The life and times of Forg1ven – Part 2 | EarlyGame
The saga continues.

The life and times of Forg1ven – Part 2

League of Legends
Player Forg1ven ready for a match
Image credit: Riot Games

Here, we continue the series on LEC’s controversial star Konstantinos-Napoleon “FORG1VEN” Tzortziou. If you want to hear how it all began, check out the first part here. For now, we continue from where we left off – Forg1ven had broken up with Gambit.

H2K and back again

Player Forg1ven wearing H2K T-shirt
Image credit: Riot Games

Forg1ven was back in the EU LCS in the next split, this time on H2K. There, he once again showed his bot-lane chops, helping carry the team to second place in the regular split and winning an IEM Season 10 World Championship semifinal.

It was also there where one of the big ticking bomb of his career would first appear: by Greek law, Forg1ven was required to go to the military for nine months. He got a deferment and played for H2K in the playoffs but the team stumbled in the semifinals, losing a five-game series to Fnatic.

Predictably, Forg1ven would start the summer split on another team – Origen. However, the team was in a death spiral of leaving players, poor management and internal politics. After several bad games, the Greek AD Carry left the team, citing a breach of trust with management and intending to retire from League or switch to Overwatch.

However, with the playoffs looming, fortune smiled: his former team, H2K, lost their AD Carry, Aleš “Freeze” Kněžínek. Forg1ven played out the end of the season and the playoffs, helping H2K net a seed at Worlds.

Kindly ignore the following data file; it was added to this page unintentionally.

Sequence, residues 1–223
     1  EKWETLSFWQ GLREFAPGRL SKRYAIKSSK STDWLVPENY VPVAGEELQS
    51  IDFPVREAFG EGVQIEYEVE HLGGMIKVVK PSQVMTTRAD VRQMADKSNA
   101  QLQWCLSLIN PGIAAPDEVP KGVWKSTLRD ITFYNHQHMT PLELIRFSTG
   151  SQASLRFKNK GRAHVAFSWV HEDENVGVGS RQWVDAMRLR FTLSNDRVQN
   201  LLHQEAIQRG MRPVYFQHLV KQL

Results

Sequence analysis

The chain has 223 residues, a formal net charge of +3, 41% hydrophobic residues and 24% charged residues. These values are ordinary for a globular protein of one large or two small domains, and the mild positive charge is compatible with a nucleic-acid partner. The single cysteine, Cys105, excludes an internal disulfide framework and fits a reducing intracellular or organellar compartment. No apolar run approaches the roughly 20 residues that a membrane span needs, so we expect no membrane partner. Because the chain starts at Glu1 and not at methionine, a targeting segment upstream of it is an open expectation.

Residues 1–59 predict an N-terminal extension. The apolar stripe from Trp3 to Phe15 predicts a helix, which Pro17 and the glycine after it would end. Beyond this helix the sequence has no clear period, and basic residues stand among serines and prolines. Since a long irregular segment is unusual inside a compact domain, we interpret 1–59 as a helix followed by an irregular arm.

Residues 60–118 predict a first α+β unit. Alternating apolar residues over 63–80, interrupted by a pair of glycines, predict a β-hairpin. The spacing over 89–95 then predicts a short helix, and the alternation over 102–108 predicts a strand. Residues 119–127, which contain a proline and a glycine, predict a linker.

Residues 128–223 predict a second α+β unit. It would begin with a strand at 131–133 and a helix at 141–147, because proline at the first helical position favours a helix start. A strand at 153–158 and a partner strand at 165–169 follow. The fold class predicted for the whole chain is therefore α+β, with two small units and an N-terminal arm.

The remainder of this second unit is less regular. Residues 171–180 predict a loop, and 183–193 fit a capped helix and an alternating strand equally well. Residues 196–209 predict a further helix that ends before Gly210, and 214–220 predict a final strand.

It was the Greek’s first World Championship, and he was determined to make it count. H2K drew a difficult group, featuring China’s top team EDG, Taiwan’s AHQ eSports club and Brazil’s INTZ. Many expected H2K to be fighting for the second place in that group, but after a great second week, they caught up with EDG and beat them in tiebreaker. For Forg1ven, the chance to prove himself against a player like EDG’s Kim “Deft” Hyuk-kyu made this victory all the sweeter.


H2K breezed through the quarterfinals, dismantling unexpected opponent and crowd favorite Albus Nox Luna, before falling to Samsung Galaxy in the semifinals. It was still a remarkable achievement, one that a European team would not exceed until 2019 and it marked the peak of Forg1ven’s career.

The long fall

Yet, despite ending 2016 on a high note, Forg1ven spent the next three years away from the pro scene. After about a year on amateur teams, he joined Origen briefly for their 2018 Spring EU Masters run and, while the team had a shaky start, won the event with them. Soon afterward, he took time off to do his military service and while it ended in the spring of 2019, he could not find a team for the summer split.

It came as a surprise to many that FC Schalke 04 recruited the Greek as their AD Carry for the 2020 Spring split. There had been few cases of a player returning after such a long period outside the premier leagues. Besides, Forg1ven’s teams issues made fans wary and in the three years while he was gone, the pro scene had changed. Many new AD carries had come eager to leave their mark. Many fans considered this a very risky move – and sadly, they were proven right.

Player Forg1ven wearing FC Schalke 04 T-shirt
Image credit: Riot Games